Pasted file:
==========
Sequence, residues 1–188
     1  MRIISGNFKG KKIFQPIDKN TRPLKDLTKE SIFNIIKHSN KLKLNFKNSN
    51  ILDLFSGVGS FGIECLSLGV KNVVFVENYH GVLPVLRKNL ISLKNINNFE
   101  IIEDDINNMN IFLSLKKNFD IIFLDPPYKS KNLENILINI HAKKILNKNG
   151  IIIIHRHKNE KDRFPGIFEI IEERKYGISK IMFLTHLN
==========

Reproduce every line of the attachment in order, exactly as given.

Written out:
Sequence, residues 1–188
     1  MRIISGNFKG KKIFQPIDKN TRPLKDLTKE SIFNIIKHSN KLKLNFKNSN
    51  ILDLFSGVGS FGIECLSLGV KNVVFVENYH GVLPVLRKNL ISLKNINNFE
   101  IIEDDINNMN IFLSLKKNFD IIFLDPPYKS KNLENILINI HAKKILNKNG
   151  IIIIHRHKNE KDRFPGIFEI IEERKYGISK IMFLTHLN